After finding out that the doctors want to change Logan's chemo drugs because there are new tumors growing, I did what any mother would do. I turned to Google. Sometimes I feel like I should earn an honorary doctorate for the amount of learning and research I am doing. This week's research has included brain function in the new areas of concern (I studied neuro-anatomy in college and grad school but I hardly remember it all), tumors in these areas (and their effect) and the new drugs they want him to take. In my research, I found some very interesting and possibly troubling information.
According to pretty much every medical source, Irinetocan (one of the new proposed drugs) can cause very negative effects in patients with Gilbert's syndrome. The drug interaction in these patients basically causes the body to absorb the medicine at a different rate causing worsening of side effects and at times harmful toxicity. This drug is not advised for patients with Gilbert's.
So what is Gilbert's syndrome and why does this matter? Gilbert's is a relatively benign condition that causes the body to produce more than usual levels of bilirubin. The only real effect of this condition is the person may become jaundice, particularly when over exerted, stressed, hungry, etc. Other than that, Gilbert's is completely harmless. Until you read the fine print. This is the section that I always skip over because it was never relevant. One of the ONLY times Gilbert's is a problem, is when the person is taking certain drugs. Which drug do you think every source names as it's arch nemesis? Irinetocan, of course.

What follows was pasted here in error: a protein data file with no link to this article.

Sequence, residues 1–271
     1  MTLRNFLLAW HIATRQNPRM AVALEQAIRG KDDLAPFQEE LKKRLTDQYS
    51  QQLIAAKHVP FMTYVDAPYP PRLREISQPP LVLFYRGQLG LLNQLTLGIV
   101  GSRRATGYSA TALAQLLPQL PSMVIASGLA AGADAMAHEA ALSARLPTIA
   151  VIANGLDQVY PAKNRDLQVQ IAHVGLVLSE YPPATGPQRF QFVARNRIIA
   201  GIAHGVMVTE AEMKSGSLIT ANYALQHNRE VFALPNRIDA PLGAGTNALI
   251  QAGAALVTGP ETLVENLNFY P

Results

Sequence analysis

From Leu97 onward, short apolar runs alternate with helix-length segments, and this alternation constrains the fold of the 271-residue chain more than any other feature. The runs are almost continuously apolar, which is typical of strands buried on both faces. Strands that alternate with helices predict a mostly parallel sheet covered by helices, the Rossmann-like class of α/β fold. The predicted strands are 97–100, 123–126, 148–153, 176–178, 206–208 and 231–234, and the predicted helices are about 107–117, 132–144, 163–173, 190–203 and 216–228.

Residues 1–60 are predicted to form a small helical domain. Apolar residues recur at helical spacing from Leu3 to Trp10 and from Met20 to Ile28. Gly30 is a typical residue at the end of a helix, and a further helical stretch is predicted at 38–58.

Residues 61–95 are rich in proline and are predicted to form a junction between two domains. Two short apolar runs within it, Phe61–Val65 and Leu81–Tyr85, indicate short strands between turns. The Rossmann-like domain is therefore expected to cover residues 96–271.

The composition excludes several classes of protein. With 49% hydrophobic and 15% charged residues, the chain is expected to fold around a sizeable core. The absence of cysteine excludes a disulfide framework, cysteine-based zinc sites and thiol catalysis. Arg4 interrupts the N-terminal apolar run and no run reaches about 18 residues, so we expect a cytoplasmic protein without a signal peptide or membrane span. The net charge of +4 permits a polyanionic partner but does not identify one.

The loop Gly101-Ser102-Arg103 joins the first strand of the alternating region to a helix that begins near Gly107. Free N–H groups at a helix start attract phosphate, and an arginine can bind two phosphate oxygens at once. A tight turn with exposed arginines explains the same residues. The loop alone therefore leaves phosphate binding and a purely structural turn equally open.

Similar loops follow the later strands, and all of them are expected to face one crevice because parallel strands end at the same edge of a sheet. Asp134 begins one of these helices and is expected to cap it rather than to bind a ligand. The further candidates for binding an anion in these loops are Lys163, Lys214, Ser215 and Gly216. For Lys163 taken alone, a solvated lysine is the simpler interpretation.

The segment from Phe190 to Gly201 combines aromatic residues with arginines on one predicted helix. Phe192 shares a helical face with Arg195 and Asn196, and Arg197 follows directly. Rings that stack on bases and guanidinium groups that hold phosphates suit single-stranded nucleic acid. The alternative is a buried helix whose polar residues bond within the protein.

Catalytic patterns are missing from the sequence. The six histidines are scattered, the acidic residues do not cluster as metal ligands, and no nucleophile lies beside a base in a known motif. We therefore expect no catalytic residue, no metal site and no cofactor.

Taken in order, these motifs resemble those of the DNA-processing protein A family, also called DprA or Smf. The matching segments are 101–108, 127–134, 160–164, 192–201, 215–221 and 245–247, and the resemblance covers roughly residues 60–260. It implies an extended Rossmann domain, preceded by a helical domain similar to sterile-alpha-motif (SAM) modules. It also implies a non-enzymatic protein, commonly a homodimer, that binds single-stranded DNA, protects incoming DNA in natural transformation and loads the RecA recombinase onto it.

Why do I care about this? Logan has not been diagnosed with Gilbert's. Why would he be? This isn't something that doctor's go looking for. Most times, this is a diagnosis that you just happen upon when in the process of other things. I should know, it happened to me. And my dad. And my mom. And possibly my siblings as well. During routine blood work, the doctors see the abnormal ratios and let you know, "hey, by the way, you have Gilbert's syndrome." No biggie. The likelihood of Logan also having Gilbert's is high.
I don't know what this means for his new course of treatment, but of course the first thing I have done is let his doctor's know of the family history of this possible complication. We will wait to see what they want to do and of course discuss this issue at length prior to even considering starting this new treatment. It may amount to nothing, but I would never forgive myself if Logan suffered more because I didn't take the time to do what was right.
This is just one more time where, as a parent, it is my job to be my child's strongest advocate. No one knows a child more than their parent, and it is our job to go that extra mile to look out for them. Do a little extra research, follow your gut.